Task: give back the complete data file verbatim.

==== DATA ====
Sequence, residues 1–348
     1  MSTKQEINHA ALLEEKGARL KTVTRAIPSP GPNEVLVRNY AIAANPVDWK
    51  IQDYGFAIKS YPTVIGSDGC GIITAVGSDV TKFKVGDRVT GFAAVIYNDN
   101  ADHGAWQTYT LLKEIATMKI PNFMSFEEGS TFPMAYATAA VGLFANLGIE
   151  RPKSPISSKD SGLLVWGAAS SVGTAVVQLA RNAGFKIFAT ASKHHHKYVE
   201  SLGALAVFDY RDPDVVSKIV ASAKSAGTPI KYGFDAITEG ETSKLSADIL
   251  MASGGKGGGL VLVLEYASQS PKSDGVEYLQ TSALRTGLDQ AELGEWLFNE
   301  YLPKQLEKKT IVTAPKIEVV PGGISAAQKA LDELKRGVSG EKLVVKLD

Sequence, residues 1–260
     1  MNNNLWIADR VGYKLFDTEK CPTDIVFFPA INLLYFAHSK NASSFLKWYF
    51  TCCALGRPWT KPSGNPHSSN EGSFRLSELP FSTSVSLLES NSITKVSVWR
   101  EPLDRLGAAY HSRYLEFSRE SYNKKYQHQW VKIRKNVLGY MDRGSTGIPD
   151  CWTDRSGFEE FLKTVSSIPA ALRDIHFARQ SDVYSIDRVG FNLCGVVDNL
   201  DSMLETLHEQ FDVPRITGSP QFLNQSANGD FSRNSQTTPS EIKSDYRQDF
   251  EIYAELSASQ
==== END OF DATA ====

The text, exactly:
Sequence, residues 1–348
     1  MSTKQEINHA ALLEEKGARL KTVTRAIPSP GPNEVLVRNY AIAANPVDWK
    51  IQDYGFAIKS YPTVIGSDGC GIITAVGSDV TKFKVGDRVT GFAAVIYNDN
   101  ADHGAWQTYT LLKEIATMKI PNFMSFEEGS TFPMAYATAA VGLFANLGIE
   151  RPKSPISSKD SGLLVWGAAS SVGTAVVQLA RNAGFKIFAT ASKHHHKYVE
   201  SLGALAVFDY RDPDVVSKIV ASAKSAGTPI KYGFDAITEG ETSKLSADIL
   251  MASGGKGGGL VLVLEYASQS PKSDGVEYLQ TSALRTGLDQ AELGEWLFNE
   301  YLPKQLEKKT IVTAPKIEVV PGGISAAQKA LDELKRGVSG EKLVVKLD

Sequence, residues 1–260
     1  MNNNLWIADR VGYKLFDTEK CPTDIVFFPA INLLYFAHSK NASSFLKWYF
    51  TCCALGRPWT KPSGNPHSSN EGSFRLSELP FSTSVSLLES NSITKVSVWR
   101  EPLDRLGAAY HSRYLEFSRE SYNKKYQHQW VKIRKNVLGY MDRGSTGIPD
   151  CWTDRSGFEE FLKTVSSIPA ALRDIHFARQ SDVYSIDRVG FNLCGVVDNL
   201  DSMLETLHEQ FDVPRITGSP QFLNQSANGD FSRNSQTTPS EIKSDYRQDF
   251  EIYAELSASQ